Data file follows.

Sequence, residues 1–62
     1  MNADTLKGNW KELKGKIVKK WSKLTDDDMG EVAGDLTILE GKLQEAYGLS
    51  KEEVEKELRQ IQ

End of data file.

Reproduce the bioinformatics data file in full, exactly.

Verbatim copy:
Sequence, residues 1–62
     1  MNADTLKGNW KELKGKIVKK WSKLTDDDMG EVAGDLTILE GKLQEAYGLS
    51  KEEVEKELRQ IQ